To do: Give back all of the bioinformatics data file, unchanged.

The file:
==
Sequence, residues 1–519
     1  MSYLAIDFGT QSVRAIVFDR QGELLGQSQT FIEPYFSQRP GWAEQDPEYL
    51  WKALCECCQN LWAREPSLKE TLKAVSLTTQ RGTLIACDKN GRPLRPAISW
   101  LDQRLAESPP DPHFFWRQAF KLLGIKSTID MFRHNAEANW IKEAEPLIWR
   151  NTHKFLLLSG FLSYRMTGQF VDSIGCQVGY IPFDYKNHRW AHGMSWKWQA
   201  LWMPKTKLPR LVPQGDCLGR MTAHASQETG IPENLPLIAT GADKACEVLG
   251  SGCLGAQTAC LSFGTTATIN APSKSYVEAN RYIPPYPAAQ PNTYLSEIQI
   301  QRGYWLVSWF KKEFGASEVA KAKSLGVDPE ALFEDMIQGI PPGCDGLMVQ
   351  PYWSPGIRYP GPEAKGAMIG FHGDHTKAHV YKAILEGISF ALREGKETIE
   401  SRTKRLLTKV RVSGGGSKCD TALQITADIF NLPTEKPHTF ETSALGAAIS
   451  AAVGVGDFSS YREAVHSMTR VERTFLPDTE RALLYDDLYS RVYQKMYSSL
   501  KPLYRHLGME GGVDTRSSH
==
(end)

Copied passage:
Sequence, residues 1–519
     1  MSYLAIDFGT QSVRAIVFDR QGELLGQSQT FIEPYFSQRP GWAEQDPEYL
    51  WKALCECCQN LWAREPSLKE TLKAVSLTTQ RGTLIACDKN GRPLRPAISW
   101  LDQRLAESPP DPHFFWRQAF KLLGIKSTID MFRHNAEANW IKEAEPLIWR
   151  NTHKFLLLSG FLSYRMTGQF VDSIGCQVGY IPFDYKNHRW AHGMSWKWQA
   201  LWMPKTKLPR LVPQGDCLGR MTAHASQETG IPENLPLIAT GADKACEVLG
   251  SGCLGAQTAC LSFGTTATIN APSKSYVEAN RYIPPYPAAQ PNTYLSEIQI
   301  QRGYWLVSWF KKEFGASEVA KAKSLGVDPE ALFEDMIQGI PPGCDGLMVQ
   351  PYWSPGIRYP GPEAKGAMIG FHGDHTKAHV YKAILEGISF ALREGKETIE
   401  SRTKRLLTKV RVSGGGSKCD TALQITADIF NLPTEKPHTF ETSALGAAIS
   451  AAVGVGDFSS YREAVHSMTR VERTFLPDTE RALLYDDLYS RVYQKMYSSL
   501  KPLYRHLGME GGVDTRSSH